Representatives of Libya's National Transitional Council (NTC) are sitting down with officials from around the world in Doha, Qatar, today in a meeting expected to arrange $2.5 billion in emergency financing for an interim Libyan government and to shape the international role in Libya moving forward.
Mahmoud Jibril, who is formally the NTC's No. 2 leader behind Mustafa Abdel Jalil, said in a press conference last night that the rebel government-in-waiting will soon move to Tripoli. It is eager for emergency funding before the Eid al-Fitr celebration that marks the end of Ramadan in a few days, which is the biggest Muslim holiday of the year.
Many government salaries have gone unpaid and Jibril said the NTC wants foreign financing to reassure police and other officials that Libya's new order will look after them, and the country.
"We have to be transparent in front of the whole world," he told a Doha press conference last night. "Now we have to concentrate on building and healing our wounds."
Mr. Abdel Jalil was quoted in Italy's Repubblica newspaper this morning saying that he expects presidential and parliamentary elections in Libya by next April. "We want a democratic government and a just constitution," he said.
Jibril was less specific, saying the next political step would be to hold a national congress to set a constitutional drafting process in motion. He said a referendum would be held on a new constitution, and that elections would soon follow, but he didn't give a time frame.
Jibril is expected to be in Paris today to meet with French President Nicolas Sarkozy, one of the earliest and most ardent backers of NATO intervention in Libya. Mr. Sarkozy is also hoping to convene a large international meeting in Paris sometime in the next two weeks to coordinate international aid.
In theory, the actual cost to international powers should be low. Jibril said yesterday that more than $150 billion in Libyan assets are abroad, currently frozen by the sanctions placed on Qaddafi in response to his crackdown on democracy protesters that sparked Libya's civil war. The country also has Africa's highest oil reserves, though national production has been reduced to a trickle by the war and it will probably be a year, at least, before production nears pre-war levels.
The immediate task for the rebels is to take full control of Tripoli, which is still beset with pockets of heavy fighting. Then they must take up the hard work of reassuring the many Libyans who have been involved with Qaddafi's regime that they will not face the sort of reprisals that were standard during his rule.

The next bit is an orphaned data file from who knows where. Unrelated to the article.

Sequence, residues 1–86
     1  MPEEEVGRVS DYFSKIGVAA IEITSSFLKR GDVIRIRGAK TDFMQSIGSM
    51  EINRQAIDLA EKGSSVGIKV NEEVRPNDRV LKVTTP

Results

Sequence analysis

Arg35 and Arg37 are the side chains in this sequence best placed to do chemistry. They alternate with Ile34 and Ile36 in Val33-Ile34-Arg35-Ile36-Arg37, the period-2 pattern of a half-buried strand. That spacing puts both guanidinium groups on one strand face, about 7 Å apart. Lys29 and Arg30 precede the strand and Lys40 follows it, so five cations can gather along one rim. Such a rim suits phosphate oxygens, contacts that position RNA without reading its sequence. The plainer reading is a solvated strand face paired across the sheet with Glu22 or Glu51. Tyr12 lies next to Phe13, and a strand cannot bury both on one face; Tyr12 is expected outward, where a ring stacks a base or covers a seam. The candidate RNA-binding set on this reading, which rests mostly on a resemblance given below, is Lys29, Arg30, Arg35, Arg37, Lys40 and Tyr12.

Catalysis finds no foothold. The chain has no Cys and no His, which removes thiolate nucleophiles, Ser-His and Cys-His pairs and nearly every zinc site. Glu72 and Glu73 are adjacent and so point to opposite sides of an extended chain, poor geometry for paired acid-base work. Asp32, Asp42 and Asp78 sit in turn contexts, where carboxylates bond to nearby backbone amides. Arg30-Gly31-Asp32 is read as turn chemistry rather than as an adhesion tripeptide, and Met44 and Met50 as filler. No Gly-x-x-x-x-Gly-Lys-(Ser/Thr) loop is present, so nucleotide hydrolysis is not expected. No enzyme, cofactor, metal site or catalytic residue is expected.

The rebels will also have to stitch together the patchwork of local notables and militia commanders, many operating completely outside the structures the NTC has sought to create, into a coherent whole. Though the uprising's earliest successes were in the eastern half of the country, which has a history of rivalry with western Libya, the march on Tripoli was carried out by guerrillas largely drawn from the west.
UN Special Envoy for Libya Abdel-Elah al-Khatib and Ian Martin, a British national who has held senior human rights and transitional government roles for the UN from Rwanda to East Timor to Nepal, are at the meeting. Mr. Martin has been quietly working for months on transition issues, including maintaining law and order after regime collapse and encouraging reconciliation inside Libya, for months.
When precisely those plans will go into effect is unclear, with core regime figures are still defiant.
Moussa Ibrahim, Qaddafi's principal spokesman, implied yesterday that the regime has made plans to fight a long insurgency.
"We are able to fight, not for days or months but for years ... and we have made plans and alternative plans," he said in a brief phone interview with the pro-regime Al-Ouraba TV last night.
While many of the government's official statements have had a high bluster-to-reality ratio, the prospect can't be dismissed. The brigade of soldiers commanded by Khamis Qaddafi, who has a reputation as the most ruthlessly efficient enforcer among the Qaddafi sons, appears to be largely intact, and the paranoia of Qaddafi senior saw him order the construction of underground bunkers and hiding places around the country decades ago.
Qaddafi's hometown of Sirte remains out of rebel hands, though it's now largely surrounded by anti-Qaddafi fighters. And sparsely populated southern Libya, where Qaddafi steered government largesse to key tribes, also remains largely out of the NTC's control.
Of particular concern is Sabha, a city of about 150,000 in the desert 500 miles south of Tripoli where Qaddafi declared Libya a "Jamahiriyya" in 1977. The word, of Qaddafi's invention, referred to Qaddafi's preferred form of government – with people ruling directly, unmediated by institutions. As a practical concern, it meant all power flowed from him.
Now his reach is extremely limited and power is clearly in the hands of those seeking the change in Libya.